Evans makes several other claims, none of which merit fulsome analysis. Evans points to a New Jersey regulation that discretionary clauses are void as contrary to public policy, but the regulation is only applicable as of January 1, 2008, and only prohibits those provisions that claim to reserve sole discretion to the carrier. See N.J. Admin. Code. § 11:4 – 58.4. MetLife’s policy does not reserve sole discretion.

Evans v. Employee Benefit Plan, 2009 U.S. App. LEXIS 3426 (3d Cir. N.J. Feb. 20, 2009)

This unpublished Third Circuit opinion provides some interesting insight on discretionary clause prohibitions.    Notwithstanding New Jersey’s regulation restricting use of such clauses, the Court applied an abuse of discretion standard in reviewing the case.  

How is that possible?

New Jersey’s regulation is a bit odd.  Wilson Elser summarizes the law’s pecularities in a July 2007 ERISA Alert.  

By emphasizing the restriction in terms of “sole” discretion, the insurance department left open the gap that MetLife took advantage of in Evans.

Note:  The comment associated with the proposed regulation shows suggests that the Department intended its regulation to have more teeth.  On the other hand, the Department did not adopt the NAIC Model Act:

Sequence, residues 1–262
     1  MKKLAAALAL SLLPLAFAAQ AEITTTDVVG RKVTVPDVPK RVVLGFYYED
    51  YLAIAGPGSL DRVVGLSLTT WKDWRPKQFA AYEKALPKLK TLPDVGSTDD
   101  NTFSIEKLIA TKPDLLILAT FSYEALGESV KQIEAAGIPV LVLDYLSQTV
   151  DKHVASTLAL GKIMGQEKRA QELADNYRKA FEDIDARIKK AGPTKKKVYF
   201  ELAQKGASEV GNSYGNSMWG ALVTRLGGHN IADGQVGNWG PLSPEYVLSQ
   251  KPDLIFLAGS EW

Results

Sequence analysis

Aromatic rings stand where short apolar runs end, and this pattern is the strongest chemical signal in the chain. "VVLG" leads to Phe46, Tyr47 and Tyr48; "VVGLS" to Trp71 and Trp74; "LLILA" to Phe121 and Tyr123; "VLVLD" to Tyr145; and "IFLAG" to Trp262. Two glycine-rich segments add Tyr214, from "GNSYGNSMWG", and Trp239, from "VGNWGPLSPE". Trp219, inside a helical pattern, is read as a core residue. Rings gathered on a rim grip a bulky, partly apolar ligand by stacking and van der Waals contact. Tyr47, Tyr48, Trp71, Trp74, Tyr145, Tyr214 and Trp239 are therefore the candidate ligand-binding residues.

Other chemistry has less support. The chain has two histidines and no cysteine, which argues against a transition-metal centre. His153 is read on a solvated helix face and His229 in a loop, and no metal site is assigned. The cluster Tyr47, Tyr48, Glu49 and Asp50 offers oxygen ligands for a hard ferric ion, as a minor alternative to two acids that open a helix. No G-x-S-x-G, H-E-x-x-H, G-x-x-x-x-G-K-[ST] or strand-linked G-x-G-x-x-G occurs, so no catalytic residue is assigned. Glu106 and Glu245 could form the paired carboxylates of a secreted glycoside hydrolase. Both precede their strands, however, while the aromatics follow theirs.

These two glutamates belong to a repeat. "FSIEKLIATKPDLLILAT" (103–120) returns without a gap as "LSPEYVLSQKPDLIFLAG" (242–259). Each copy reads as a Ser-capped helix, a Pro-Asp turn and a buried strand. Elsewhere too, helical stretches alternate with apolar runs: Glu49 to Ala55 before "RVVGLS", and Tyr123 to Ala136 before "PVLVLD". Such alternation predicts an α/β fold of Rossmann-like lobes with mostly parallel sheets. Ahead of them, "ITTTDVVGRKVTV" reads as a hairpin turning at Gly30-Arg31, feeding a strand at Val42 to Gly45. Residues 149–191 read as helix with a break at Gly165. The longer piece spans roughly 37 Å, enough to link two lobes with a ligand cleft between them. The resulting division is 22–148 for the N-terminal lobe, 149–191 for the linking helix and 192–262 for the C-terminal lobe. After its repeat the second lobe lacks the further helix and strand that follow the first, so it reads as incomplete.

In 2004, the National Association of Insurance Commissioners (NAIC) adopted Model Act 42, titled “Prohibition on the Use of Discretionary Clauses,” the statedpurpose of which was “to assure that health insurance benefits are contractuallyguaranteed, and to avoid the conflict of interest that occurs when the health carrier has unfettered authority to decide what benefits are due.” While the New Jersey Legislature has not adopted Model Act 42, the Department has continually rejectedthe inclusion by carriers of discretionary clauses in health insurance and long-term care policies and contracts on the basis that such clauses are inequitable, unfair, and contrary to this State’s laws and public policy.

The proposed new rules codify the Department’s long-standing practice ofdisallowing the inclusion of discretionary clauses in all individual and group life, health and long-term care insurance policies and contracts, and all annuity contracts.

Frankly, the New Jersey regulation could have used review by experienced ERISA counsel.   In the final analysis, it does not appear the regulation accomplishes anything.